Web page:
The origin of this holiday for the expression of love really isn't romantic at all -- at least not in the traditional sense. Father Frank O'Gara of Whitefriars Street Church in Dublin, Ireland, tells the real story of the man behind the holiday -- St. Valentine.
"He was a Roman Priest at a time when there was an emperor called Claudias who persecuted the church at that particular time," Father O'Gara explains. " He also had an edict that prohibited the marriage of young people. This was based on the hypothesis that unmarried soldiers fought better than married soldiers because married soldiers might be afraid of what might happen to them or their wives or families if they died."
"I think we must bear in mind that it was a very permissive society in which Valentine lived," says Father O'Gara. "Polygamy would have been much more popular than just one woman and one man living together. And yet some of them seemed to be attracted to Christian faith. But obviously the church thought that marriage was very sacred between one man and one woman for their life and that it was to be encouraged. And so it immediately presented the problem to the Christian church of what to do about this."
"The idea of encouraging them to marry within the Christian church was what Valentine was about. And he secretly married them because of the edict."
Valentine was eventually caught, imprisoned and tortured for performing marriage ceremonies against command of Emperor Claudius the second. There are legends surrounding Valentine's actions while in prison.
"One of the men who was to judge him in line with the Roman law at the time was a man called Asterius, whose daughter was blind. He was supposed to have prayed with and healed the young girl with such astonishing effect that Asterius himself became Christian as a result."
In the year 269 AD, Valentine was sentenced to a three part execution of a beating, stoning, and finally decapitation all because of his stand for Christian marriage. The story goes that the last words he wrote were in a note to Asterius' daughter. He inspired today's romantic missives by signing it, "from your Valentine."
"What Valentine means to me as a priest," explains Father O'Gara, "is that there comes a time where you have to lay your life upon the line for what you believe. And with the power of the Holy Spirit we can do that -- even to the point of death."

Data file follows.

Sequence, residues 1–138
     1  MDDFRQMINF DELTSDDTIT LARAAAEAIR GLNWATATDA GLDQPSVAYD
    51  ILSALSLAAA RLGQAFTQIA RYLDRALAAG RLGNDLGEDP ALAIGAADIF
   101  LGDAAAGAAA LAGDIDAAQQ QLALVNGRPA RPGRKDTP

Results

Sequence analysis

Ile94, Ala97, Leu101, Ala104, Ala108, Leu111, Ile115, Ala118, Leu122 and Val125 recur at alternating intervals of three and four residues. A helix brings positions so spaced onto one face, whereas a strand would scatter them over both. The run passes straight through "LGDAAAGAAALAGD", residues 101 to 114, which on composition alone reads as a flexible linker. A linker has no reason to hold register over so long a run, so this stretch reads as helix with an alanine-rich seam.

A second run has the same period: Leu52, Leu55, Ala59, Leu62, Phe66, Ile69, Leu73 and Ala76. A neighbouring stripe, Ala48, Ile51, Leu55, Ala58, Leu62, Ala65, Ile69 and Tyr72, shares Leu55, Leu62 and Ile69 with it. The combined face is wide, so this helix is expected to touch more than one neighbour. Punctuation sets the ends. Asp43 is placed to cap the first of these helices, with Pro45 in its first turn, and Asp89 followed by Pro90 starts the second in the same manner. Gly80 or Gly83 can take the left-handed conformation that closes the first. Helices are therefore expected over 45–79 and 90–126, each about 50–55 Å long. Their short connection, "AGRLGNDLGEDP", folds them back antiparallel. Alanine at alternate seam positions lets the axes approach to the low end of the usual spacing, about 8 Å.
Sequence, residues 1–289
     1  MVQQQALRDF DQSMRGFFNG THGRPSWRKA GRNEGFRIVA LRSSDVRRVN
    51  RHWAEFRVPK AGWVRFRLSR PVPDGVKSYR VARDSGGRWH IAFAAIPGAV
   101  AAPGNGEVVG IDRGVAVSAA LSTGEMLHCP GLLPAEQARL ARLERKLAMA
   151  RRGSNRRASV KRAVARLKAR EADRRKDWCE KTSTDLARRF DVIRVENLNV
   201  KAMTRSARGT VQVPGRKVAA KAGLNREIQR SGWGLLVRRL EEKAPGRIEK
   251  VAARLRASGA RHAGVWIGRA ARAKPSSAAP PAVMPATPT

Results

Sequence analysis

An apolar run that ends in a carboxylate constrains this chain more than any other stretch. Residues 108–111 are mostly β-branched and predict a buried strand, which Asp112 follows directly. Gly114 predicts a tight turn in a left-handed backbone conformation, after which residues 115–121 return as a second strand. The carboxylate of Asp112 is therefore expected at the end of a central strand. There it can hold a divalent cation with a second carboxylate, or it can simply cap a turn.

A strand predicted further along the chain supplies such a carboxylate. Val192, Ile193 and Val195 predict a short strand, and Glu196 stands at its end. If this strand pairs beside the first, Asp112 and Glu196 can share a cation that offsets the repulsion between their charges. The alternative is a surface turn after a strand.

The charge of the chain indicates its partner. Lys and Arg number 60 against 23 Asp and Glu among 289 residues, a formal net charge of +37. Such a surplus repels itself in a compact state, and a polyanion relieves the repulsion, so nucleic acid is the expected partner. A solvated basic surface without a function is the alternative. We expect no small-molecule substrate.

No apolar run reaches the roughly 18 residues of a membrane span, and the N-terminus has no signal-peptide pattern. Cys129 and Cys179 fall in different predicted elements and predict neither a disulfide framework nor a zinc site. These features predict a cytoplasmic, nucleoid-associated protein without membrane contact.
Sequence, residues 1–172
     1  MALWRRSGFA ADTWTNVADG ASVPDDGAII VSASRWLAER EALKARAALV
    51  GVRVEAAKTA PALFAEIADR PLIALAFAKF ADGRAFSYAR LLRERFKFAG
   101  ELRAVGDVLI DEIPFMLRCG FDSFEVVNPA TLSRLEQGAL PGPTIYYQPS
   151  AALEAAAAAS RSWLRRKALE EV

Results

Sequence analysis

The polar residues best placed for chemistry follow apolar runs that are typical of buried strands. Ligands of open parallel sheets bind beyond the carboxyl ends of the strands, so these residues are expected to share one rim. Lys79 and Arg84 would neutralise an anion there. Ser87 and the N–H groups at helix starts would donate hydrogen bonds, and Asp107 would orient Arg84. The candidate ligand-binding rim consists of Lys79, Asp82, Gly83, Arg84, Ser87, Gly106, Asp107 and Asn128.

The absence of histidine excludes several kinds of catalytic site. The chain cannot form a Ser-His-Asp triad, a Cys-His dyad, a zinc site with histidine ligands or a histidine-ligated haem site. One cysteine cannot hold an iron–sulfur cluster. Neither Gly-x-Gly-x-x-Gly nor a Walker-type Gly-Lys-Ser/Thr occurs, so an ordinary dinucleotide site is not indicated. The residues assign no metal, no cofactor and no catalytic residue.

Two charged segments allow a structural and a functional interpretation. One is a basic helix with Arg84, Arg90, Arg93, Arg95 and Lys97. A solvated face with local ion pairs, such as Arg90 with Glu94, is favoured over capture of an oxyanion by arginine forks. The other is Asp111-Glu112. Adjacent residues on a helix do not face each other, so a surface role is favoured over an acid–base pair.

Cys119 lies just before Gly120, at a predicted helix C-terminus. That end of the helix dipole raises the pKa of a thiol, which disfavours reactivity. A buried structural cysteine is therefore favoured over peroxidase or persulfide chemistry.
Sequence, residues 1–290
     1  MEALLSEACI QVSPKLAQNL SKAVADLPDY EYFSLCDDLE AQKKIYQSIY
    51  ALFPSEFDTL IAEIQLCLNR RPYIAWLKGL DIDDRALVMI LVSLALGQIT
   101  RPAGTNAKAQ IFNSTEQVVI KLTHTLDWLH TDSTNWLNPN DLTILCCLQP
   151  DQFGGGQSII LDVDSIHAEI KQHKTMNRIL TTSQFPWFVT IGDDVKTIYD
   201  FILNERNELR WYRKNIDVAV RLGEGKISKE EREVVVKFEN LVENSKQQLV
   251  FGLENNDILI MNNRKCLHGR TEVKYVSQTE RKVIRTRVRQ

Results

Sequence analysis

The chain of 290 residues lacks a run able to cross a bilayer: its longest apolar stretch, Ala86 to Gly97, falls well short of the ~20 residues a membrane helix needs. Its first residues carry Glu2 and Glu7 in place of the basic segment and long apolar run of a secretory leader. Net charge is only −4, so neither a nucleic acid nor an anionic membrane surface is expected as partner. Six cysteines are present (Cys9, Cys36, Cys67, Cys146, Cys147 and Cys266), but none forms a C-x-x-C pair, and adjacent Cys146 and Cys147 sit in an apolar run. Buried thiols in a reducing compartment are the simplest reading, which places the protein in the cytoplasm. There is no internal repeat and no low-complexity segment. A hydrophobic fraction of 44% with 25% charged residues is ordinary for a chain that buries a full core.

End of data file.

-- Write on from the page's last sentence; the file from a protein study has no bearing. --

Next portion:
Valentine's martyrdom has not gone unnoticed by the general public. In fact, Whitefriars Street Church is one of three churches that claim to house the remains of Valentine. Today, many people make the pilgrimage to the church to honor the courage and memory of this Christian saint.
"Valentine has come to be known as the patron saint of lovers. Before you enter into a Christian marriage you want some sense of God in your life -- some great need of God in your life. And we know, particularly in the modern world, many people are meeting God through his Son, Jesus Christ."
"If Valentine were here today, he would say to married couples that there comes a time where you're going to have to suffer. It's not going to be easy to maintain your commitment and your vows in marriage. Don't be surprised if the 'gushing' love that you have for someone changes to something less "gushing" but maybe much more mature. And the question is, is that young person ready for that?"
"So on the day of the marriage they have to take that into context," Father O'Gara says. "Love -- human love and sexuality is wonderful, and blessed by God -- but also the shadow of the cross. That's what Valentine means to me."
Fr. O'Gara has it right.
This Valentine's Day Pope Francis' tweet said "Dear young people, don't be afraid to marry. A faithful and fruitful marriage will bring you happiness."
I agree. Pick carefully and wisely. Seek the safety of many counselors and ask questions from happy and long married couples. It isn't about the flowers on this special day but true love that will lay down their life for another.
John 15:13 The Message “I’ve told you these things for a purpose: that my joy might be your joy, and your joy wholly mature. This is my command: Love one another the way I loved you. This is the very best way to love. Put your life on the line for your friends. You are my friends when you do the things I command you. I’m no longer calling you servants because servants don’t understand what their master is thinking and planning. No, I’ve named you friends because I’ve let you in on everything I’ve heard from the Father.
The world looks at this day and romantic love but the Cross and what Jesus did there is the backbone for all romantic love, the love that God created when he created man. If you haven't shared Jesus with someone you love, why don't you stop today and do that? You may be the only one that ever tells them about the truest love there has ever been. The love that will never fail them, forgive them and knows them by name. What a gift! You may not have to become a martyr like St. Valentine to show love but you may be the living water that brings them life.
Happy Valentine's Day!